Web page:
To the well-versed fitness nerd, this makes perfect sense. To the layman who failed every diet except Atkins, zero carb dieting is the Holy Grail to fat loss and there’s NO OTHER METHOD, in their mind at least.
Succeeding with fat loss (or anything, for that matter) can prove to be a very emotional process. During that time, people can develop various beliefs (regardless of rationale, or scientific fact) that reinforce their decisions and actions. As you will see in the quote below (from the article above), we do all that we can to protect what we believe to be true.
Once something is added to your collection of beliefs, you protect it from harm. You do it instinctively and unconsciously when confronted with attitude-inconsistent information. Just as confirmation bias shields you when you actively seek information, the backfire effect defends you when the information seeks you, when it blindsides you. Coming or going, you stick to your beliefs instead of questioning them.
When someone tries to correct you, tries to dilute your misconceptions, it backfires and strengthens them instead. Over time, the backfire effect helps make you less skeptical of those things which allow you to continue seeing your beliefs and attitudes as true and proper.
So in this case, if we try to tell the low-carb dieter they could’ve reached their goals by creating a moderate caloric deficit with carbs present, chances are they won’t believe you and will often get upset at what you’re proposing.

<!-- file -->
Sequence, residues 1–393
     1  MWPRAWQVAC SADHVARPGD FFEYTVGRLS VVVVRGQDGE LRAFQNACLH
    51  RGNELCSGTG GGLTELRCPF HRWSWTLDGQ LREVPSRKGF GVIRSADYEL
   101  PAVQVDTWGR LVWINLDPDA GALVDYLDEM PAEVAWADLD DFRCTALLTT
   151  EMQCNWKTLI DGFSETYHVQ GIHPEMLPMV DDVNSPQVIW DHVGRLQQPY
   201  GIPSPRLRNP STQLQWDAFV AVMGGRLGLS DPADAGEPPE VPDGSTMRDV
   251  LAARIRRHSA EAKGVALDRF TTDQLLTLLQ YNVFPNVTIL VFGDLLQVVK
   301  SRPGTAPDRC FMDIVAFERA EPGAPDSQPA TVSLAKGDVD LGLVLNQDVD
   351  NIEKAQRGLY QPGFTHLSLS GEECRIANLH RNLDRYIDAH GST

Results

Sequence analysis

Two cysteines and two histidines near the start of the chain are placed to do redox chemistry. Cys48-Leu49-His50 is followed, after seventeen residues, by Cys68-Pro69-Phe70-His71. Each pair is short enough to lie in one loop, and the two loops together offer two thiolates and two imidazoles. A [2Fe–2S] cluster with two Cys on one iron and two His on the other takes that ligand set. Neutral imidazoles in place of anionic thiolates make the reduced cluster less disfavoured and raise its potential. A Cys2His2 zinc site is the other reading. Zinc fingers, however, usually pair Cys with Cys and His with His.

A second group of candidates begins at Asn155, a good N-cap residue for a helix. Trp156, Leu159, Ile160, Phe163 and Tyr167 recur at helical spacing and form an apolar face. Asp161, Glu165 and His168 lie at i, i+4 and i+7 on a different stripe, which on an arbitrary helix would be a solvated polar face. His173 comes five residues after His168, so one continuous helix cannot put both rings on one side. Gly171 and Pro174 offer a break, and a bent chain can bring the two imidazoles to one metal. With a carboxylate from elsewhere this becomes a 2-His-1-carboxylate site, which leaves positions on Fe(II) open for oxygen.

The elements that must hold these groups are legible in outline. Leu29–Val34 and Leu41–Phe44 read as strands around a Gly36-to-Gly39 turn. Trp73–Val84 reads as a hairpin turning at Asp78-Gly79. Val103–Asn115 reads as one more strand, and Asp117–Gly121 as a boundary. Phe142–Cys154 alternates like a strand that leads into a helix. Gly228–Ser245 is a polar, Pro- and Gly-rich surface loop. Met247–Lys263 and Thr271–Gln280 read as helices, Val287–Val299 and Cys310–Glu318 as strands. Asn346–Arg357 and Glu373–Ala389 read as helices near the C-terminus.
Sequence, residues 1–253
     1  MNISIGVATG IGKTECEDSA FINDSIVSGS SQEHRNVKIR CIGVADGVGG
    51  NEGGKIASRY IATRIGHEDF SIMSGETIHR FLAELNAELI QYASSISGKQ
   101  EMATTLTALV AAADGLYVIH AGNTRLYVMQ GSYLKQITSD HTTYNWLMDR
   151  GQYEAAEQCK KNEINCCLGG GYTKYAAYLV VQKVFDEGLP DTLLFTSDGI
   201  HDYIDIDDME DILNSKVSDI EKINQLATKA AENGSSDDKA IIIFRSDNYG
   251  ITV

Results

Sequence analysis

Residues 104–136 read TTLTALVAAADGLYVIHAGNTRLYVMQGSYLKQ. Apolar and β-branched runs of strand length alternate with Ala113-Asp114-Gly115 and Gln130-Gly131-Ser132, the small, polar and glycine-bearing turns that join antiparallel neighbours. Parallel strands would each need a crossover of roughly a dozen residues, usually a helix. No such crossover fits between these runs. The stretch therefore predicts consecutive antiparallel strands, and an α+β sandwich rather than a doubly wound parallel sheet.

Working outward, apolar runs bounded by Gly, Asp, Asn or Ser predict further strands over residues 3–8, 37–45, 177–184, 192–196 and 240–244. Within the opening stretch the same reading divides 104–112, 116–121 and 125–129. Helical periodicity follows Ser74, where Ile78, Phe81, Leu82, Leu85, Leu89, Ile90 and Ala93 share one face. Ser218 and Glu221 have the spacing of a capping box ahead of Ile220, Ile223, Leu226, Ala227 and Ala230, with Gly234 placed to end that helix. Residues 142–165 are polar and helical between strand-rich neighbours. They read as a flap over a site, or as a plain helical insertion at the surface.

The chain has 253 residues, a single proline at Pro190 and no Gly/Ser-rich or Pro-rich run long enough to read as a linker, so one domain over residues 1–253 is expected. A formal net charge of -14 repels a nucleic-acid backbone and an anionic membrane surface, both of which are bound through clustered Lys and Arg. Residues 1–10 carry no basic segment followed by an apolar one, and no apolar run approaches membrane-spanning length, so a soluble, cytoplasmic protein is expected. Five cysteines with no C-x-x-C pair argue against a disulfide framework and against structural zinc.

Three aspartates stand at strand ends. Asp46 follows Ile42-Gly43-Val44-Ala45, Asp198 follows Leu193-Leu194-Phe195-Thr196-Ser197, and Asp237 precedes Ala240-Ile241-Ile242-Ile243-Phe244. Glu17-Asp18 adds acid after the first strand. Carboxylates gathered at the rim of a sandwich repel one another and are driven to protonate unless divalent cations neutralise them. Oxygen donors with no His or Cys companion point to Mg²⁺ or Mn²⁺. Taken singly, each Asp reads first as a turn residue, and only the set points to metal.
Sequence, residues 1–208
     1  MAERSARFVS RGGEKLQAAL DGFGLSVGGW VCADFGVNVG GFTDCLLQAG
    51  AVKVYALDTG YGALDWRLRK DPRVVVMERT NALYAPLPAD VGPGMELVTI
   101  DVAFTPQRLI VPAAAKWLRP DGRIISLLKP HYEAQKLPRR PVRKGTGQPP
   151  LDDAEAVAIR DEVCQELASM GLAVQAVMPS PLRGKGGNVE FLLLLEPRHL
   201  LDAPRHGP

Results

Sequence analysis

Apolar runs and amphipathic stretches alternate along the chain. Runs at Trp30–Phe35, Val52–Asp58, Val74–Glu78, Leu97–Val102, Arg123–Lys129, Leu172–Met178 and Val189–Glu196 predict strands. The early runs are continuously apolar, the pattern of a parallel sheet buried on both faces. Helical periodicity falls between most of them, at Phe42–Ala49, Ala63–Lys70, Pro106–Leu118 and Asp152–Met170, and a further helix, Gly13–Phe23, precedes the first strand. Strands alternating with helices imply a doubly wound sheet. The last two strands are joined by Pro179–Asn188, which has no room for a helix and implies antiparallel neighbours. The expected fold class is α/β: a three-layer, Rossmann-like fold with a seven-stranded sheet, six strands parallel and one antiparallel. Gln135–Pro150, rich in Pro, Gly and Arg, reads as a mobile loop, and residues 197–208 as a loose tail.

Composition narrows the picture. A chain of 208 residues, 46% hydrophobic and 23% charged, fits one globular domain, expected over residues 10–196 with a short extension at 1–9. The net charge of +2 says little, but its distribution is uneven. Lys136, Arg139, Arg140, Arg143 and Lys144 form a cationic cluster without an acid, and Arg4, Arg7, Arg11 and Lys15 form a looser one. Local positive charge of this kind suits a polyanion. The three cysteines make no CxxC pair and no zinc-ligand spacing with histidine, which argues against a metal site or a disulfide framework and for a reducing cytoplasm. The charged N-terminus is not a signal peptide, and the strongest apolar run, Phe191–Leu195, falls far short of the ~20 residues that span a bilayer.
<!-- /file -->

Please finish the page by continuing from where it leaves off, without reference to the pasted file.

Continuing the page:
Because to them it’s false. They tried for so long to lose weight, remember?
In their world, this is an impossible feat. They proved to themselves that low-carb dieting is what gets results.
This is a major problem.
As humans evolved, and our brains grew bigger, many new things became possible. With the growth of our intelligence, came the advancement of technology, our ability to communicate, make decisions, etc. All positive things methinks.
Along with our big brains came this amazing ability to replace rationale with faulty belief systems that were inline with our emotional centers. If it feels good, or seems right, then it must be.
Add to this the notion that we often take personal offense when someone tries to help us see a different side, and we become almost impenetrable. No ounce of knowledge can permeate the walls of our psyche finely constructed of misinformation.
My Personal Feelings
After reading the entire thread I linked to on Facebook, my thoughts are fairly elementary, but I think it all comes down to not wanting to be wrong and/or fearing the idea of being invested in a belief for so long, only to find out it’s false.
I’m going to end this with a comment left by Matt Perryman, along with a few resources. The bold is my emphasis.